Warning: the comparison test you’re about to read involves a Land Rover. It therefore includes obligatory photographs taken off-road, in a Welsh limestone quarry known well to staffers of this magazine, for which the Autocar road test desk and photography department send their apologies. In this line of work, some visual clichés are simply too well-worn to resist.
This particular cliché should certainly be acknowledged for what it is, though: a bit of artistic licence. Because while the second-generation Range Rover Evoque may be all-new and all-important for its creator, it’s every inch a compact SUV and not an ‘off-roader’. As such cars go, the Evoque is capable, rugged and versatile, but it’s very much an everyday road car. You know this. We know this. Yet while picturing it abandoned on double yellows, astride the kerb and hazards ablaze outside a primary school might have been more appropriate, such a photograph wouldn’t have looked half as pretty or been as much fun in the making.
Our story so far on the new Evoque has brought us through early ride-along and international press launch and, very recently, UK first drive. Now, though, a chance to find out just how good this rather important Evoque is judged against its toughest opponents, two of which we are about to describe and rate it in specific reference to: the second-generation Audi Q3, which – roll up, roll up – is also new this year, and the Volvo XC40, which is Autocar’s incumbent compact SUV class favourite and without which these proceedings would otherwise be largely irrelevant.
But, well, yes, you’re right: as it happens, there are four cars in the photograph you’ve been glancing at for the past minute or so. For reasons of general usefulness, fairness and accuracy, however, what you’re about to read will actually be a slightly truncated three-car comparison with an addendum on an interesting if unconventional new Lexus – the UX 250h – which, as it turns out, isn’t really a compact SUV at all. It might, though, provide welcome cause to wonder whether you need such a car quite as much as you thought you did.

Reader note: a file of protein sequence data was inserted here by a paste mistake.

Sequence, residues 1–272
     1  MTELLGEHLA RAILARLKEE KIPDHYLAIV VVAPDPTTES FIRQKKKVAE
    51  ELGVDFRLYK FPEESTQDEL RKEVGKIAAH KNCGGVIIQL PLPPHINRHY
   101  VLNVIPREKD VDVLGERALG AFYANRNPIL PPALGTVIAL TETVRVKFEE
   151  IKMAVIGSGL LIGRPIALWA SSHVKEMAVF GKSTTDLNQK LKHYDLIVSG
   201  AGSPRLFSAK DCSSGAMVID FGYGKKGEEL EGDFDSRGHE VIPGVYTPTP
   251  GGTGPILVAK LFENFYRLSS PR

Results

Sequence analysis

And there’s a reason for at least some of that: it’s because the UX is only partly an Evoque rival and otherwise a replacement for the slow-selling Lexus CT hybrid hatchback, so it needs to be smaller, cheaper and more ‘hatchbacky’ than you might expect it to be.
So if you happen to like the ‘Lamborghini-lite’ styling and you’re not sure you need as much versatility and space as an Evoque gives after all, what else is there to like? Firstly, a cabin every bit as rich and even more solidly hewn than the Land Rover’s and which comes with Lexus’s familiar, hard-to-use infotainment system – but you may very well like it anyway. I certainly did.
It should surprise nobody that the UX is more poised and agile-handling than the rest of our field. It did surprise me that it steered quite so well, though, with fine weight, precision and a bit of feel, and also that its hybrid petrolelectric powertrain performed quite as well as it did.
Part-throttle response is getting much better from both Toyota and Lexus hybrids like this, and real-world economy remains strong when accounting for urban use as well as touring. The UX still seems a bit strained and tortured when giving that last word in acceleration, and the gearbox’s manual mode remains poor – both of which facts inevitably erode the appeal of the car’s driving experience.
Would I have one as an alternative to a Range Rover Evoque? Not a chance. But as a replacement for a CT200h – or any other much plainer, less interesting, mid-range premium-branded hatch? Why not? The UX feels alternative and different – and difference should serve it well.